Surviving Spouse Asset Protection Option
If you have children from another relationship that you’re including as beneficiaries, what happens when you’re not the surviving spouse? What happens to your assets? We can set up the trust to split in half at the death of the first spouse so that portion becomes an asset protection trust, and locks in the beneficiaries for your half of the estate.
Beneficiary Protection Trust
Some beneficiaries should not control their inheritance, or at the very least need some assistance managing their inheritance. A beneficiary might have significant disabilities that qualify them for government assisted programs like SSI, SSDI, Medi-Cal, or might have significant substance abuse issues, or event simply major financial problems. For these beneficiaries a Special Needs Trust or Spendthrift Trust can be set up to manage the inheritance for the beneficiary’s lifetime. This allows the beneficiary to receive the benefits of the inheritance without the burden or responsibility of managing the funds.
Retirement assets such as IRA’s, 401k’s and all their variations can often be the most significant asset that will be passed on to the next generation. Yet without prudent planning beneficiaries can accidentally or intentionally destroy the stretch-out of the inherited retirement plan. Additionally, the recent U.S. Supreme Court case, Clark vs Rameker, held that any asset protection you enjoy for your own retirement plan does not pass on to your beneficiaries. The Stand Alone Retirement Trust addresses both of these problems by helping ensure a proper rollover of the asset and giving your beneficiaries the option of using the retirement account as a protected asset. You can read more about the Stand Alone Retirement Trust here.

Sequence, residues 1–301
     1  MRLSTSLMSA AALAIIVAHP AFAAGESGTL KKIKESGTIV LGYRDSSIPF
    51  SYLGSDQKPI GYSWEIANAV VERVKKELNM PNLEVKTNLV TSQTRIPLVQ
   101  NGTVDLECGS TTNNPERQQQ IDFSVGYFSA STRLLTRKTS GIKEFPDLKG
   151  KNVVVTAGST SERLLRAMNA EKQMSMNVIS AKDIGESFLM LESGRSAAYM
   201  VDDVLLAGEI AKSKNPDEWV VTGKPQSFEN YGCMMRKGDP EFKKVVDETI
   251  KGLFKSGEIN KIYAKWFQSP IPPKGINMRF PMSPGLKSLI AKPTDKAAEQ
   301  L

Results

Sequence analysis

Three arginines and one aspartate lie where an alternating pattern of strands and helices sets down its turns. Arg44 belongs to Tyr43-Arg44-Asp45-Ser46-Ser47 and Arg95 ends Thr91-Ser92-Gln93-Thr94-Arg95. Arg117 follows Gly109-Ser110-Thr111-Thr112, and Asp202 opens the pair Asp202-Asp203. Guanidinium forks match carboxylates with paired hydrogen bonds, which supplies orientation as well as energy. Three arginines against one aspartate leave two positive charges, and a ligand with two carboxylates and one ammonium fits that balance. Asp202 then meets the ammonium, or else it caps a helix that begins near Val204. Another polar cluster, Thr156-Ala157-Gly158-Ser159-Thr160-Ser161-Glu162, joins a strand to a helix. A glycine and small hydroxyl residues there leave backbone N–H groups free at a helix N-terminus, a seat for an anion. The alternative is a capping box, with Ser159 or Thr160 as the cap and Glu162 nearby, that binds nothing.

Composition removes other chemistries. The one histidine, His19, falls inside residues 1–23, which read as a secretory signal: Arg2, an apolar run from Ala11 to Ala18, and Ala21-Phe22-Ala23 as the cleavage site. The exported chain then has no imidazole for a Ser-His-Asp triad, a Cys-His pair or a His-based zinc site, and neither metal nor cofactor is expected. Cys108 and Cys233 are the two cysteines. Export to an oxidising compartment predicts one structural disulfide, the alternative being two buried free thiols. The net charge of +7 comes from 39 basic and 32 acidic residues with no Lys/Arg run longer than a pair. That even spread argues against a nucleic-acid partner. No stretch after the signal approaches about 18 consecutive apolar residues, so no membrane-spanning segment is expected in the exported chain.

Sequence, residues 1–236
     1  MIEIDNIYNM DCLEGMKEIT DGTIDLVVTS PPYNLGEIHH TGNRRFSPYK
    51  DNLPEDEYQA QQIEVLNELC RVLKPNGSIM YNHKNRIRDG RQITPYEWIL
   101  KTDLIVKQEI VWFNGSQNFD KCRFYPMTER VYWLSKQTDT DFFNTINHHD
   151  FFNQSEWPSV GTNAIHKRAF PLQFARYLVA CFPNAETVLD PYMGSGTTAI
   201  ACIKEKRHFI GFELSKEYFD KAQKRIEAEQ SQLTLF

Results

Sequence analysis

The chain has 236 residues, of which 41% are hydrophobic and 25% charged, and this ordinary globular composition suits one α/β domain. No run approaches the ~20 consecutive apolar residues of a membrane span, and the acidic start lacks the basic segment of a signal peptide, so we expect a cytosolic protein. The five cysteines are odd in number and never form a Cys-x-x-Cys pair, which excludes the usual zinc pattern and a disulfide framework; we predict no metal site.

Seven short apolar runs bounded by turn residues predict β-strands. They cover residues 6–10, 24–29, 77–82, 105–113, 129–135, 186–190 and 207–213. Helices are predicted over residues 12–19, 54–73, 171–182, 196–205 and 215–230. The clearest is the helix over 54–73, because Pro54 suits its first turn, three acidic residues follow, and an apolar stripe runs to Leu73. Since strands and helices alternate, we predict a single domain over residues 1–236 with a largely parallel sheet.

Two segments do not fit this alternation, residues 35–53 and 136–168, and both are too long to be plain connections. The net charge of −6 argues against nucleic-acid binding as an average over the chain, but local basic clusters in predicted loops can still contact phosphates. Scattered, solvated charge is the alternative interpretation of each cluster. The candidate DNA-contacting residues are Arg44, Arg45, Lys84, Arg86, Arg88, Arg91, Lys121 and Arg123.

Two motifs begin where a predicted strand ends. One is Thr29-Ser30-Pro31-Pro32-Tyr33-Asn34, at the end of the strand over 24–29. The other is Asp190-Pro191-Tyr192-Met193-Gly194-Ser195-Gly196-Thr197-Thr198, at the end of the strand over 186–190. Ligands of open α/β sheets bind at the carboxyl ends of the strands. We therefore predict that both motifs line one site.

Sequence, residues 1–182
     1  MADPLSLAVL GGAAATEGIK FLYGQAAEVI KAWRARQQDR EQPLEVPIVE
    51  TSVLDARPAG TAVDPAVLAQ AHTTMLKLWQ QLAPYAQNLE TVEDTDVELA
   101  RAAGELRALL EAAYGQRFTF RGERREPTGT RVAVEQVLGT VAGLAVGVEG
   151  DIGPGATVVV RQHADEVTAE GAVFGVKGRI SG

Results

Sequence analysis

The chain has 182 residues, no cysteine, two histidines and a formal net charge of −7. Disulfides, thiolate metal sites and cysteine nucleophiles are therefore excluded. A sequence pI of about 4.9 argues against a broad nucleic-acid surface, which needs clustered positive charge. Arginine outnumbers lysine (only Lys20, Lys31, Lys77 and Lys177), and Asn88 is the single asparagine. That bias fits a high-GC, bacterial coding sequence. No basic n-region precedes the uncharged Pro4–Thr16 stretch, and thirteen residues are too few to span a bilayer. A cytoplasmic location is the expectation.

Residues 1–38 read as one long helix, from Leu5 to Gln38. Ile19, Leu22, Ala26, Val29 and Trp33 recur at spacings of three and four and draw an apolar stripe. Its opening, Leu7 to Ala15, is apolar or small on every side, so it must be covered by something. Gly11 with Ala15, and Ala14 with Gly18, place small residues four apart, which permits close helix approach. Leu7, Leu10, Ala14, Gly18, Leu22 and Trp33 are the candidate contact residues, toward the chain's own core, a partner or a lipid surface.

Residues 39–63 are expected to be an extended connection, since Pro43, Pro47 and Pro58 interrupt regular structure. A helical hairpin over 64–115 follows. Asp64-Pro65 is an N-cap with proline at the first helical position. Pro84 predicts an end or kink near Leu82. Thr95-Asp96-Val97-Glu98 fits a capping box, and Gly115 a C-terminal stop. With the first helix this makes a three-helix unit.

Every family is different, and their estate plan is going to reflect those differences of personalities and needs of beneficiaries. While these five broad categories describe the most common options, there other strategies and options that your estate planning attorney can review with you.
Missing files. Unprocessed checks totaling several hundred thousand dollars in filing fees. A procedural and paperwork mess that saw pleadings as far back as 2015 not docketed or scanned. The legal system is complicated enough, but when clerks behind the counter can’t handle the paperwork, the system doesn’t function. And unfortunately, that is exactly what happened in the Suffolk County Probate & Family Court in Massachusetts.
It was apparently an office already in trouble, the prior Register in charge of the office lost her seat after allegedly assaulting an employee after a holiday party. In 2014, with a new Register, the situation didn’t improve. The court brought in a temporary manager in October 2016 who found fifty bins of files scattered throughout the office. They estimated that an average of 20-30 cases went missing on any given day.
In California, the court system went through a rough patch when the statewide budget cuts hit. Things have improved, and overall thankfully, our local Sacramento office runs well.